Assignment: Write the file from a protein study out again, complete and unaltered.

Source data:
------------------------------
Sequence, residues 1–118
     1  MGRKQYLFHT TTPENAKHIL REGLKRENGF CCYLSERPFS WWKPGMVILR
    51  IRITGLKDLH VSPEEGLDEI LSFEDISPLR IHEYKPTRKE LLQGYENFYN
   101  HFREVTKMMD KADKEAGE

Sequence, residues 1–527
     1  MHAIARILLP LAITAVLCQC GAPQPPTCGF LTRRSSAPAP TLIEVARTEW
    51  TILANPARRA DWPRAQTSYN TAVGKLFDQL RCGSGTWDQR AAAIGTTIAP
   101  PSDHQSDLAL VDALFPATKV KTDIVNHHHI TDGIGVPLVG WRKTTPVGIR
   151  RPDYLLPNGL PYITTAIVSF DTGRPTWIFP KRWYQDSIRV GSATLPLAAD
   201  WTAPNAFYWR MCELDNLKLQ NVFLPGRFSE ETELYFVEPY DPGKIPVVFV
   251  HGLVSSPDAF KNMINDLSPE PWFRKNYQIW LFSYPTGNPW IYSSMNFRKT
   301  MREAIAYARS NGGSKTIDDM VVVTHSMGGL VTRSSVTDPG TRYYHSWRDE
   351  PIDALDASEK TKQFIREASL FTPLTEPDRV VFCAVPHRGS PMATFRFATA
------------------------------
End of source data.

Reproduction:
Sequence, residues 1–118
     1  MGRKQYLFHT TTPENAKHIL REGLKRENGF CCYLSERPFS WWKPGMVILR
    51  IRITGLKDLH VSPEEGLDEI LSFEDISPLR IHEYKPTRKE LLQGYENFYN
   101  HFREVTKMMD KADKEAGE

Sequence, residues 1–527
     1  MHAIARILLP LAITAVLCQC GAPQPPTCGF LTRRSSAPAP TLIEVARTEW
    51  TILANPARRA DWPRAQTSYN TAVGKLFDQL RCGSGTWDQR AAAIGTTIAP
   101  PSDHQSDLAL VDALFPATKV KTDIVNHHHI TDGIGVPLVG WRKTTPVGIR
   151  RPDYLLPNGL PYITTAIVSF DTGRPTWIFP KRWYQDSIRV GSATLPLAAD
   201  WTAPNAFYWR MCELDNLKLQ NVFLPGRFSE ETELYFVEPY DPGKIPVVFV
   251  HGLVSSPDAF KNMINDLSPE PWFRKNYQIW LFSYPTGNPW IYSSMNFRKT
   301  MREAIAYARS NGGSKTIDDM VVVTHSMGGL VTRSSVTDPG TRYYHSWRDE
   351  PIDALDASEK TKQFIREASL FTPLTEPDRV VFCAVPHRGS PMATFRFATA